Military leaders are not “reticent, weary, or risk averse” to deeper involvement in Syria’s 2-year-old civil war, but U.S. military action would do nothing to end the conflict, the chairman of the Joint Chiefs of Staff told Congress this week.
“In a variety of ways, the use of U.S. military force can change the military balance, but it cannot resolve the underlying and historic ethnic, religious, and tribal issues that are fueling this conflict,” wrote Gen. Martin E. Dempsey in a letter Monday to the House Foreign Affairs Committee.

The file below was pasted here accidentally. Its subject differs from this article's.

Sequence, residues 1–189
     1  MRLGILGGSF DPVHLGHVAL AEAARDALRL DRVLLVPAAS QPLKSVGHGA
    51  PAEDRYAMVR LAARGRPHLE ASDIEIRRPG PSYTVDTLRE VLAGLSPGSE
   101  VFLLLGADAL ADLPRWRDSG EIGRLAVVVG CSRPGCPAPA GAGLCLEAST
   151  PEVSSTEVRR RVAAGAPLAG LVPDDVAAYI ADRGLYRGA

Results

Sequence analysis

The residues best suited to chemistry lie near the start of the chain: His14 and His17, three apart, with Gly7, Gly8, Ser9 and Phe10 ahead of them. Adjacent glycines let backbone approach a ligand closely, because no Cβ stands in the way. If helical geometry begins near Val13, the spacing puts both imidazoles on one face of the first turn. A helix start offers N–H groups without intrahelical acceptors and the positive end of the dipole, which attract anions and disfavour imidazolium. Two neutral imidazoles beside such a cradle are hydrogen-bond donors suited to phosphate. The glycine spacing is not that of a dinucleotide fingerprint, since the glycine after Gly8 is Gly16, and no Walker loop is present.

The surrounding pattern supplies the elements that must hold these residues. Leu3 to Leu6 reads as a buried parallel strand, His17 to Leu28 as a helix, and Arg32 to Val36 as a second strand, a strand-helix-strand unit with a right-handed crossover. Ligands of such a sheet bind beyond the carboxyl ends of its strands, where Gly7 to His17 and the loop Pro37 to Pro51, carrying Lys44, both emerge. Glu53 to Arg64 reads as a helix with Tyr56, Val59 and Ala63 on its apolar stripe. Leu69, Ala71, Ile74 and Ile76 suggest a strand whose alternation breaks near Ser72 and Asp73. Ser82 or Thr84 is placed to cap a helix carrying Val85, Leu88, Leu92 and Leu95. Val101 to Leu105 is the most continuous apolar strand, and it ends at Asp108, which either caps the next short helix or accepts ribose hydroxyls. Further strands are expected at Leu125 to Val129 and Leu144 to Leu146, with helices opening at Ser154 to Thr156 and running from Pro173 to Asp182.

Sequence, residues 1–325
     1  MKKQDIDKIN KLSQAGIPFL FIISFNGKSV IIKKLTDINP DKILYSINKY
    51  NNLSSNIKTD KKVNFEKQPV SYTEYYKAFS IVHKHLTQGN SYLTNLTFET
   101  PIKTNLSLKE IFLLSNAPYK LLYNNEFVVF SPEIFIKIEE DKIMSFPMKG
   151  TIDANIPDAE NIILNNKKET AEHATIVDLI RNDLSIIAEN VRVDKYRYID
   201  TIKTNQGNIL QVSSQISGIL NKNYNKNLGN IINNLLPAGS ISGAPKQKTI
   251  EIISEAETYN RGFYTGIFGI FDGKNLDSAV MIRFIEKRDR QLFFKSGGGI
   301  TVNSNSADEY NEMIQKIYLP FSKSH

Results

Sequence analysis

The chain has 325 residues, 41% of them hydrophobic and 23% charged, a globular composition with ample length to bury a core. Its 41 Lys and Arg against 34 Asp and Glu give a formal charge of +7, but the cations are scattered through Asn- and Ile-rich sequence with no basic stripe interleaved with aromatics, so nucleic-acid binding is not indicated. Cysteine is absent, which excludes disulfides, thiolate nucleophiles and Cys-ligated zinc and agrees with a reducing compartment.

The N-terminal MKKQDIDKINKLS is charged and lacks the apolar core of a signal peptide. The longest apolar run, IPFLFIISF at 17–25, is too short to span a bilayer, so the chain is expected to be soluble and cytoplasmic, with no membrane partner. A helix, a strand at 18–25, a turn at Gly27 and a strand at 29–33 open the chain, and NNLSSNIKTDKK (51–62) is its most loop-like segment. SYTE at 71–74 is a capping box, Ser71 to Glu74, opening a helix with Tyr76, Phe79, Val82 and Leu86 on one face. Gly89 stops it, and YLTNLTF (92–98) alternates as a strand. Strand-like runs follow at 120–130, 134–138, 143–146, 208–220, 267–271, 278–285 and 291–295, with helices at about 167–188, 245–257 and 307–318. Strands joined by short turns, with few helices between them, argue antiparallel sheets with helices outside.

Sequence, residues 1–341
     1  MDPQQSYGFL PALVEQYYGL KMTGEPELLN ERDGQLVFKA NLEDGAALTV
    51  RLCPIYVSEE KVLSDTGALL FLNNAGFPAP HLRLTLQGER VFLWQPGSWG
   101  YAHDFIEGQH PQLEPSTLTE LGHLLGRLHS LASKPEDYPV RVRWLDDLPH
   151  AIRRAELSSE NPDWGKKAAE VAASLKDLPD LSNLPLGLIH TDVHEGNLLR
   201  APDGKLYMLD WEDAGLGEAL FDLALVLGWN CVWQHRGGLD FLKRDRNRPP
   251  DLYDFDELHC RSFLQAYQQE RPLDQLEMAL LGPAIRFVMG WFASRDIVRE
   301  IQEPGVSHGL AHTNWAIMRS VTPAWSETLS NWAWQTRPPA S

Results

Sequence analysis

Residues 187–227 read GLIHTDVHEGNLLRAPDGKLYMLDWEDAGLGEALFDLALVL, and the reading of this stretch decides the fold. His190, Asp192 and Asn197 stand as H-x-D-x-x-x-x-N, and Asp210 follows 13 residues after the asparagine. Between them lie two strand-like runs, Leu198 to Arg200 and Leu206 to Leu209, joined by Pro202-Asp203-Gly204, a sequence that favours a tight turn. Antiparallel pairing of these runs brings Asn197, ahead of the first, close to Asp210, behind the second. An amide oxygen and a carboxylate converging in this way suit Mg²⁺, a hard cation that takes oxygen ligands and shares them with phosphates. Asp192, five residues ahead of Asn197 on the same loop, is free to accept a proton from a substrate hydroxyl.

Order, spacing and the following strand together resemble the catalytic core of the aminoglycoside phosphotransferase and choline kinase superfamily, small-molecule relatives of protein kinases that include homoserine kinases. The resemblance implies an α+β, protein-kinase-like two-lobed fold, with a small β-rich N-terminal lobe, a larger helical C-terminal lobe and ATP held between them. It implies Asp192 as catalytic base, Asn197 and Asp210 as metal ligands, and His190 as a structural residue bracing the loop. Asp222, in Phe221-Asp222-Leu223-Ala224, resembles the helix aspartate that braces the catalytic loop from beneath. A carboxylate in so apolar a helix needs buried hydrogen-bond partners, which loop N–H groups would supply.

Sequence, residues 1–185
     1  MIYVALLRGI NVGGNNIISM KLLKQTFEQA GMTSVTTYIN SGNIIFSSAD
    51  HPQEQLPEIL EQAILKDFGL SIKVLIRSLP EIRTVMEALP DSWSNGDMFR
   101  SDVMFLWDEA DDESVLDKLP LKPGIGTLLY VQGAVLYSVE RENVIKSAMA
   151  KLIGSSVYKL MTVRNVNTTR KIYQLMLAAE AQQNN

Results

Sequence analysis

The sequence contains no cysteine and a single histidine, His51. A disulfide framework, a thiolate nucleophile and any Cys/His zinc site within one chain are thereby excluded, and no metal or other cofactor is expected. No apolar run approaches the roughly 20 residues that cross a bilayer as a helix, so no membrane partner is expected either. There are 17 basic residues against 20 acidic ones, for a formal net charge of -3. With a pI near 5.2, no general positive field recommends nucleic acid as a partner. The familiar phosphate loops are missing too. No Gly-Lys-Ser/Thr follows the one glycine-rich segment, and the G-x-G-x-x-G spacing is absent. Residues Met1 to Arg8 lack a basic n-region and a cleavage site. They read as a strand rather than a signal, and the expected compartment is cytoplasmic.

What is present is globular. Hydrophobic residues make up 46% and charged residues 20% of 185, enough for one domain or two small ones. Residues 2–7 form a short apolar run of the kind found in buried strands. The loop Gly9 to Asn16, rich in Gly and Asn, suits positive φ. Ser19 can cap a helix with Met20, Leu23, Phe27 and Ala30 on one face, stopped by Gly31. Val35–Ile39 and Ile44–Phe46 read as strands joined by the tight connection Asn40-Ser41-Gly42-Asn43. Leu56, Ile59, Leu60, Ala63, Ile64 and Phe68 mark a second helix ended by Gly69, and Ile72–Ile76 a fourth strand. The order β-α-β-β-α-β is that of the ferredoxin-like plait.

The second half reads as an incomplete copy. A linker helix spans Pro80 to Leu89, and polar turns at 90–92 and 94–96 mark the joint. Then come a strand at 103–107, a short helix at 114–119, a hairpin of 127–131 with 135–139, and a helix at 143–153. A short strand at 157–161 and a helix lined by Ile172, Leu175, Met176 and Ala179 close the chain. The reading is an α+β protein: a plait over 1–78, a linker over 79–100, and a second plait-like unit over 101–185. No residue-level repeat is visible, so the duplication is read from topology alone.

He said, for example, the U.S. could “destroy the Syrian Air Force.” However, he added, such attacks would not be militarily “decisive,” but they would “commit us decisively to the conflict.”
He said the United States could assist in the humanitarian crisis caused by the war “on a far more significant scale.”
“Doing so, in combination with expanded capacity-building efforts with regional partners and a significant investment in the development of a moderate Syrian opposition, represents the best framework for an effective U.S. strategy toward Syrian going forward,” he wrote.